Unfortunately, Cron jobs fail for various reasons, including misconfigurations, errors in the code being executed, scheduling problems, and server-related issues. Fix these issues by reviewing and verifying your server’s cron configuration. Ensure the cron service is running, the crontab entries are correctly configured, and the environment is set up to run PHP commands as needed for Magento cron tasks.
To keep this issue from recurring, regularly monitor the execution of cron jobs on your server. Check logs and reports or use third-party extensions designed for cron job management.
7. Allowed Memory exhausted
The error message “allowed memory size of bytes exhausted” signals that Magento tried to consume more RAM resources than is allocated. The memory limit is specified in the
php.ini file through the
memory_limit directive. Solve this issue in three ways:
Adjust php.ini Configuration
In your server’s
php.ini file, modify certain values to allocate more memory for PHP scripts. Here are the recommended changes:
- max_execution_time=18000: Extend the maximum execution time for PHP scripts.
- max_input_time=1800: Increase the maximum input time for PHP scripts.
- memory_limit=4G: Raise the memory limit to 4 gigabytes ( adjust this value based on your server’s capabilities).
After making these changes, don’t forget to restart your web server to apply the new settings.
Increase Memory Limit for Specific Magento Commands
If you’re encountering memory issues during specific Magento commands like compilation or static content deployment, set a higher memory limit directly for those commands. Here’s how:
For Compilation command:
php -dmemory_limit=4G bin/magento setup:di:compile
php -dmemory_limit=4G bin/magento setup:static-content:deploy
Adjust the memory limit value as needed. Using “4G” in the examples above allocates 4 gigabytes of memory, but increase it further if necessary.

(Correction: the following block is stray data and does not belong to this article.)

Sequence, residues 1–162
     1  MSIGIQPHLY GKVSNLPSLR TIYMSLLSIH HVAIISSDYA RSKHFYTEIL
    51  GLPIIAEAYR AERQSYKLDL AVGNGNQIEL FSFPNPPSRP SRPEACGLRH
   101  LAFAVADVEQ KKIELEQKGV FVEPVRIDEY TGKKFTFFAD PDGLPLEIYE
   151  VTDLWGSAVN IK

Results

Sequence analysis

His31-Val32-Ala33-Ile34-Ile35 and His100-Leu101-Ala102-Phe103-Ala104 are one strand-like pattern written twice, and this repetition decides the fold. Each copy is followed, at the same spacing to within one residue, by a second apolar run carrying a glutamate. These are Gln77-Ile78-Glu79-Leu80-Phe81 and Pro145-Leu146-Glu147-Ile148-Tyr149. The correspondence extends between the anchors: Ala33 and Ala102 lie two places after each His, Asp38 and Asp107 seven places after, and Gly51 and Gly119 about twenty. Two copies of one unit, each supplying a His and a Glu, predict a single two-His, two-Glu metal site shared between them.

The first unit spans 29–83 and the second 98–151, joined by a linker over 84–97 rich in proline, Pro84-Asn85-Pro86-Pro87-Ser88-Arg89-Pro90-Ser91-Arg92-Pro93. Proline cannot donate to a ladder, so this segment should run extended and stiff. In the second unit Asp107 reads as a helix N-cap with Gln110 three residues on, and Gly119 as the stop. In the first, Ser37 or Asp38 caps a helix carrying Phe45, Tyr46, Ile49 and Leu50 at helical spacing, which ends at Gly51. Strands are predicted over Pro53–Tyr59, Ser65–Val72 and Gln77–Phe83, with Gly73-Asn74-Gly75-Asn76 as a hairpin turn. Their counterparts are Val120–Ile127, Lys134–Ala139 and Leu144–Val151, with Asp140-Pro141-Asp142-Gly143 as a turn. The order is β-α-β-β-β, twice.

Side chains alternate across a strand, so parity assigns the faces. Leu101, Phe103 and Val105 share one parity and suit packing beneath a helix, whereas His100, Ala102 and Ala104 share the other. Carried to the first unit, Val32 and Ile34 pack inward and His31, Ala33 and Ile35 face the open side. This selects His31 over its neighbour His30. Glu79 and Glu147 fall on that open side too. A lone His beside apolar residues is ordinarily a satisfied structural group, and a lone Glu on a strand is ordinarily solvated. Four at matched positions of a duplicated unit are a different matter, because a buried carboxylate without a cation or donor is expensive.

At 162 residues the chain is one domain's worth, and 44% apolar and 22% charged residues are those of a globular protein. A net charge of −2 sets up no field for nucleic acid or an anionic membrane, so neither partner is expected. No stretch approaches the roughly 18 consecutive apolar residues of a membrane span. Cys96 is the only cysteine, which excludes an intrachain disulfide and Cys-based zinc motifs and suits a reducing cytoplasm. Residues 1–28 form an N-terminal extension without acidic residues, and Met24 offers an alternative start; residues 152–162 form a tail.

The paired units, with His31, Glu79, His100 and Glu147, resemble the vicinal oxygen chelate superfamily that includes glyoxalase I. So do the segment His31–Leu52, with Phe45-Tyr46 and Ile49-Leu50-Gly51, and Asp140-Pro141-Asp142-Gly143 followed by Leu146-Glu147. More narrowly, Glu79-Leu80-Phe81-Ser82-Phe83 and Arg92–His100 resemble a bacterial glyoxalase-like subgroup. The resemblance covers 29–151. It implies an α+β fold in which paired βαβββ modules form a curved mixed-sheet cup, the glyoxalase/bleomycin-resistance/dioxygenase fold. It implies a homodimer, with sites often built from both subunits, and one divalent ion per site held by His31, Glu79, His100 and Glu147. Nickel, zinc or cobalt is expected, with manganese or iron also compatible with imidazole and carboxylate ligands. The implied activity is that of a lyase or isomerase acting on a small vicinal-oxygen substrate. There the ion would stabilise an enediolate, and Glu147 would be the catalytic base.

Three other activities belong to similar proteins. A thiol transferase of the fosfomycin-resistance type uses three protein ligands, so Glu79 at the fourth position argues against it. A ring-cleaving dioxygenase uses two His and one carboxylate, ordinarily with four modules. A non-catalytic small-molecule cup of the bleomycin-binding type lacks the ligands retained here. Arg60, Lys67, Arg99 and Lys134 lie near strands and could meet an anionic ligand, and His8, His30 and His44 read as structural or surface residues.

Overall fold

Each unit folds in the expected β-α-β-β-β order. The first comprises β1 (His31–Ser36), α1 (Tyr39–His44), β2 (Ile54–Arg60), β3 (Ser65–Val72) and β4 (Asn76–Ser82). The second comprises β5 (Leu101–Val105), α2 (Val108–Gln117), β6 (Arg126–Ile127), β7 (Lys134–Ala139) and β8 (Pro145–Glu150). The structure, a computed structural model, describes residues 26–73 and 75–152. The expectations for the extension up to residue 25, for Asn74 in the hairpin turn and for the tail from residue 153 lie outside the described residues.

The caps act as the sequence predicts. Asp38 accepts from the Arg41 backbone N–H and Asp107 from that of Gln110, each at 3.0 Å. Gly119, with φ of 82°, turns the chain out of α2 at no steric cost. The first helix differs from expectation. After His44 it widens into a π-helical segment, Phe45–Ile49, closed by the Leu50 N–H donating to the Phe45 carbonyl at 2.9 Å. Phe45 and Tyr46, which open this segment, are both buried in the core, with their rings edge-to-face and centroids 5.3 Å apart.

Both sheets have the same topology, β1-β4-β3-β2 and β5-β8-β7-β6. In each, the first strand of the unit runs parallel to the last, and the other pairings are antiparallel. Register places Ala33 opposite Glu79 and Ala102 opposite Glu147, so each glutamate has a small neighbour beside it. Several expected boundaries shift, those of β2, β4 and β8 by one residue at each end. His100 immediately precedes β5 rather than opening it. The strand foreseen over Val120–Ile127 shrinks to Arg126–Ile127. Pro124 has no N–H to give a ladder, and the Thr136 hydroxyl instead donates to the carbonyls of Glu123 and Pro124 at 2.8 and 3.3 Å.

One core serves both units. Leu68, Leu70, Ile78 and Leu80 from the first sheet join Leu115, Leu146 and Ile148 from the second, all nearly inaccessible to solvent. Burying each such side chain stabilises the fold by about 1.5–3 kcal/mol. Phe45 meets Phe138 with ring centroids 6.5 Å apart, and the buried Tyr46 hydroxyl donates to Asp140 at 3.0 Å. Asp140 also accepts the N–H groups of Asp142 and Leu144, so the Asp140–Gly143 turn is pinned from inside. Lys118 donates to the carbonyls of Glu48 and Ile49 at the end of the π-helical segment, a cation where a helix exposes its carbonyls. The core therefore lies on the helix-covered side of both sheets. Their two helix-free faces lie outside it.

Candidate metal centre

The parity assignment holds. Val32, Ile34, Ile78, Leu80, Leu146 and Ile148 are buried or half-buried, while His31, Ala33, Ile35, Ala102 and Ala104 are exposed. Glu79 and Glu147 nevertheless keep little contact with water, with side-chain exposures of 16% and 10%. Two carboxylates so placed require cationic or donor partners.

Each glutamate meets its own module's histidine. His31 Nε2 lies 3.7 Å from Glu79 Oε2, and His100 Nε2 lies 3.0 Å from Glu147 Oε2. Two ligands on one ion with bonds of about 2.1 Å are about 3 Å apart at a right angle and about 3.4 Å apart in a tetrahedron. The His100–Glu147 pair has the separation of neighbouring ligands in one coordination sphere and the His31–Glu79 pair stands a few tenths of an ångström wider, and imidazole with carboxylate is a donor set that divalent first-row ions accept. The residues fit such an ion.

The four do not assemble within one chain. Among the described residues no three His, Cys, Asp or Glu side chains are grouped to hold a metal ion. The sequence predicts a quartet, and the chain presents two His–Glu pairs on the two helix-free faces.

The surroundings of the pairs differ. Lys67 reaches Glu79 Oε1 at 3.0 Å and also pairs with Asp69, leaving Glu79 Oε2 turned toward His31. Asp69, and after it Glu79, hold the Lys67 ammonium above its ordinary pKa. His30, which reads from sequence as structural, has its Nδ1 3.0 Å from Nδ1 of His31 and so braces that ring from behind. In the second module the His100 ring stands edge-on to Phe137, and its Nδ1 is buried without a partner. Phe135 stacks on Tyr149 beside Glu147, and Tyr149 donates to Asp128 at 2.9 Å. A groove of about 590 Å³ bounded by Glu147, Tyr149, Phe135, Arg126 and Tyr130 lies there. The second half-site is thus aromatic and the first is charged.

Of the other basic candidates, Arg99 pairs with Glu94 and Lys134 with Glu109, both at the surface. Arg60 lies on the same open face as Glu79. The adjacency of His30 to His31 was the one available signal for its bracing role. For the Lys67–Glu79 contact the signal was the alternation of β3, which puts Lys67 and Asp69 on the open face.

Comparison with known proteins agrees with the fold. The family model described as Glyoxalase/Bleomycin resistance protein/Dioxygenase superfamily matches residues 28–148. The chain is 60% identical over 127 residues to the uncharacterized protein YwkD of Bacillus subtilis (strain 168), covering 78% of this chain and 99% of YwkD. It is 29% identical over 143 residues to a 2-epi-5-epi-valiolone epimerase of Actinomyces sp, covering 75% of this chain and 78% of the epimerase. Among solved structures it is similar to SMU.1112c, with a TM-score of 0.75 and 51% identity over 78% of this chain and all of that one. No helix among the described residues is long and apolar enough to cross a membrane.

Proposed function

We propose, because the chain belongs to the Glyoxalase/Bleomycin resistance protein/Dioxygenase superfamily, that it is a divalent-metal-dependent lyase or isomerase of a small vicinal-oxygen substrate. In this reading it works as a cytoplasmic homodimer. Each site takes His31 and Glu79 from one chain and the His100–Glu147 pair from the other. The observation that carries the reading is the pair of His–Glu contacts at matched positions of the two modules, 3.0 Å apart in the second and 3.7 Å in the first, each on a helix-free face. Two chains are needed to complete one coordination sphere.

Run Magento Commands Without Memory Limits
Another effective way to address the memory issue is to run Magento commands without memory limits. Achieve this by using the following command format:
php -dmemory_limit=-1 bin/magento ...
Here are some examples when running upgrade or compilation commands:
php -dmemory_limit=-1 bin/magento setup:upgrade php -dmemory_limit=-1 bin/magento setup:di:compile
The “-1” value for memory_limit means no memory limit is set, allowing PHP to use all available memory during script execution.
Diagnosing Magento Server Issues
To diagnose server errors in Magento effectively, do the following:
- Check for error messages within Magento, both in the frontend and backend.
- Review Magento logs, including the exception log and system log.
- Check the PHP error log for PHP-related issues.
- Consider enabling developer mode in Magento for more detailed error messages.
- Monitor server resource usage, such as CPU, memory, and disk space.
- Ensure that server configurations for PHP, web server, and database are correct.
- Examine the .htaccess file for any custom rules or misconfigurations.
- Test third-party extensions and custom code for conflicts or errors.
- Check server logs and consider contacting hosting support.
- Seek help from the Magento community.
This is it. Thank you for reading Magento Server Troubleshooting: Diagnose and Fix Common Issues. We finalise now. Thank you for your time.
Magento Server Troubleshooting: Diagnose and Fix Common Issues Conclusion
Diagnosing and fixing server errors in Magento is an essential skill for any e-commerce website owner or administrator. While these errors are frustrating, they are not insurmountable challenges. By following our guide, you effectively identify, troubleshoot, and resolve server-related issues in your Magento store.